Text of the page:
Simulation of the two bed rest cases predicted that use of ClevaFoam® would reduce the mean contact pressure in the occipital region by increasing contact area and conformity. Furthermore, local tissue loading was also predicted to decrease with the use of ClevaFoam®. Predictions of the study were within range of values reported in the literature.
In conclusion, simulations of supine rest of an infant cranium in contact with (i) a generic infant mattress and (ii) a ClevaMama® ClevaFoam® Baby Pillow supported a hypothesis that use of the ClevaFoam® can reduce mean contact pressure at the occiput by increasing contact area through greater conformant deformation.
Analysis of the deformation of each model (Fig. 13) shows that the ClevaFoam® model deformed more than the stiffer case of only the mattress. Furthermore, greater contact area between the cranium and its support was predicted for ClevaFoam® support condition (Fig. 14) — 2,959 mm2 for the mattress and 5,644 mm2 for the pillow. This increase in contact area for the pillow support leads to a reduction in the contact pressure (i.e. the contact force per unit area) since the force (i.e. the gravitational load, which was 8.55 N) is the same for each model. Thus the mattress support was predicted to apply an average contact pressure of 2.9 kPa to the skull while the pillow applied an average pressure of 1.5 kPa.
Figure 13: Cross-sectional view of contact areas between skull and each support material: (a) mattress and (b) foam pillow. Yellow regions indicate contact areas between the various bodies in the model.
Fig. 14. Oblique view of occipital contact areas (yellow regions) for (a) standard mattress and (b) ClevaFoam®support condition. Greater contact area is apparent for the ClevaFoam model.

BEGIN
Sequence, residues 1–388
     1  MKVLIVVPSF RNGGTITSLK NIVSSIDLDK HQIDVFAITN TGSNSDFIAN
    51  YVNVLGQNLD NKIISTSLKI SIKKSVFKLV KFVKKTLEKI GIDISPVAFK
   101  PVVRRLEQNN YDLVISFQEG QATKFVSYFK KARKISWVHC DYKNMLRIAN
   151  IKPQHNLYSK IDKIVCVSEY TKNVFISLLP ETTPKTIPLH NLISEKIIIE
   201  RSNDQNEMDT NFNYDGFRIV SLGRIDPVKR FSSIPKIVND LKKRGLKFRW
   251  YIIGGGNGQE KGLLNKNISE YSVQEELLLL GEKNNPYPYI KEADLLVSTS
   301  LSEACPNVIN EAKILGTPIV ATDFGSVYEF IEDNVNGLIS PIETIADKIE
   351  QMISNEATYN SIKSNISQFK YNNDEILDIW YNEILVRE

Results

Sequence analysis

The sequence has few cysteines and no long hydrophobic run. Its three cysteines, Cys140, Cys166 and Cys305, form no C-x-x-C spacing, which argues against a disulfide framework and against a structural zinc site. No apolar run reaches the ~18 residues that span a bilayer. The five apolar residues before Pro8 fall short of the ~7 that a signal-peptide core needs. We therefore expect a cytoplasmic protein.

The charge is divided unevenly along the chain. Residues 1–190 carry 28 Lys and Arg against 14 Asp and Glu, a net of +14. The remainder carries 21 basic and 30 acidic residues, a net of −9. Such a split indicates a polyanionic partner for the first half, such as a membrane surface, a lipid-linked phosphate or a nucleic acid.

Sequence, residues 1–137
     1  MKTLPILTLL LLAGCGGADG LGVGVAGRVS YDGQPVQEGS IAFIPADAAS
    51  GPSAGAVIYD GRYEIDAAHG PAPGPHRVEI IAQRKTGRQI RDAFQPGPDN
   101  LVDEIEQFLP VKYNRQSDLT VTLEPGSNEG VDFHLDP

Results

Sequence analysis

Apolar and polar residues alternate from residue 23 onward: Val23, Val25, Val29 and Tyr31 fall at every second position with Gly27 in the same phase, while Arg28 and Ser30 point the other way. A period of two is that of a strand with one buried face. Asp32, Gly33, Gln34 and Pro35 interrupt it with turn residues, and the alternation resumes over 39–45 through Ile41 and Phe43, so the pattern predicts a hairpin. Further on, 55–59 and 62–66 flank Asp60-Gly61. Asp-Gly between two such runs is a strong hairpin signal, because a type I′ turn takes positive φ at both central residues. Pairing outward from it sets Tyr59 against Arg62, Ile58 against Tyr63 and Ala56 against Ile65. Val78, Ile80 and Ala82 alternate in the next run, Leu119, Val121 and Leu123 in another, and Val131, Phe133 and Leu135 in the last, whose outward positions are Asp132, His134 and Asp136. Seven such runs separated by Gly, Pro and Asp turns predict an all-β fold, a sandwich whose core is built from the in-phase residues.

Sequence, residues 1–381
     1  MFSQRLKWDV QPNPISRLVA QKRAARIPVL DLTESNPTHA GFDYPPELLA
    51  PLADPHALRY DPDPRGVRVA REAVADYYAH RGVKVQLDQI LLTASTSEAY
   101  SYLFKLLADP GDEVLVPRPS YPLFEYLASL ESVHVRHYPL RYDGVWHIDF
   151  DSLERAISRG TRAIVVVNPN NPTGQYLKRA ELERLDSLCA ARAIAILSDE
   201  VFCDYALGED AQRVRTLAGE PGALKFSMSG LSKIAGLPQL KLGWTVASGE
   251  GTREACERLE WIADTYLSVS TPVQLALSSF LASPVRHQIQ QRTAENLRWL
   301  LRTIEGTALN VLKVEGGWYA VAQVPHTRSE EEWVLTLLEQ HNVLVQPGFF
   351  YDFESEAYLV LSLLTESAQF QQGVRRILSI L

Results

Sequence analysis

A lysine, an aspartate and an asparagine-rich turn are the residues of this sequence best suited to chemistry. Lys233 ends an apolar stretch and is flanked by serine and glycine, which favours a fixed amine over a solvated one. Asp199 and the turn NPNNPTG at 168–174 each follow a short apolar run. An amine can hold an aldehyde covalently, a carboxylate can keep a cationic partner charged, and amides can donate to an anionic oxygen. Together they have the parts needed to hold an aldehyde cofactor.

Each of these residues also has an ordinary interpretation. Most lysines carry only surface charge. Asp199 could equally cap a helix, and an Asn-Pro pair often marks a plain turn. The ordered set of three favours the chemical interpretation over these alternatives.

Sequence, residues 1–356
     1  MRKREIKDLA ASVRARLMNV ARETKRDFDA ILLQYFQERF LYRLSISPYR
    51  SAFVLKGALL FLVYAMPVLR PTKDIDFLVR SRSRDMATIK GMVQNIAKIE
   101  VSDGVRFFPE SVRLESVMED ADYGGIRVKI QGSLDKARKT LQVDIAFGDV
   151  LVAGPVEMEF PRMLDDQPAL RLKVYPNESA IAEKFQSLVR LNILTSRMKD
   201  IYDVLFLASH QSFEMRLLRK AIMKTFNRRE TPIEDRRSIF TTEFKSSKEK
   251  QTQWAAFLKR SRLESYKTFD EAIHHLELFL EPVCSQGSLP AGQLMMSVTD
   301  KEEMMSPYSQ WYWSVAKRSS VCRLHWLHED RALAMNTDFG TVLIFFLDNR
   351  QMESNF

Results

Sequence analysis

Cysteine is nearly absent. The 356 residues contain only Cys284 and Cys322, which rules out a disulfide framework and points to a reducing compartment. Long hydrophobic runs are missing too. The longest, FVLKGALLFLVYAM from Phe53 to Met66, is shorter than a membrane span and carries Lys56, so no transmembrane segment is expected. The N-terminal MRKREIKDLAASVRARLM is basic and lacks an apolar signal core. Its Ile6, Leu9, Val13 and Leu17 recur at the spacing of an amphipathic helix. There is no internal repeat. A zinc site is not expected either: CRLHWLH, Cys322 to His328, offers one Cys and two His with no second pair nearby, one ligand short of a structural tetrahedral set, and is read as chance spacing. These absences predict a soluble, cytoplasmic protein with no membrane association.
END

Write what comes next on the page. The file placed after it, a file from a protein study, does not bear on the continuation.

A benefit of using the finite element method is the ability to predict internal loading and deformation of the tissues. Two measures of loading were examined for the two models: von Mises stress (indicative of the forces generated within the tissue) and strain energy density (indicative of the energy of deformation). Contours of stress (Fig. 15) show that stress was not distributed uniformly within the contact region. Local concentrations were predicted around the suture regions for both models. In particular local stress in these regions was up to an order of magnitude higher than the man contact pressure. Furthermore, a larger region of highly loaded tissue was predicted for the occipital region of the mattress support. This trend was more pronounced when examining the strain energy density of the exterior cranial tissue (Fig. 16). Both stress and strain-energy density were more localized to the sutures for the pillow support condition. In general, stresses were relatively low (< 25 kPa) in the occipital region of both models.
Figure 15: Von Mises stress distribution in occipital region of skull for each support type: (a) mattress and (b) foam pillow. Lower stresses were predicted for the foam pillow support condition.
Figure 16: Strain energy density for occipital region of skull for each support type: (a) mattress and (b) pillow. Lower strain energy density was predicted for the foam pillow support condition.
In conclusion, simulations of supine rest of an infant cranium in contact with two different supporting materials, (i) a generic infant mattress and (ii) a Clevamama® ClevaFoam™ Baby Pillow, supported a hypothesis that use of the compliant polyurethane foam pillow can reduce mean contact pressure at the occiput by increasing contact area through greater conformant deformation. This study represents a first step in determining the local mechanical environment in the tissue of the contact region for an infant head resting in a supine position. The ability to study this mechanical environment opens the possibility of further study of the role of mechanical loading in the development of deformational plagiocephaly.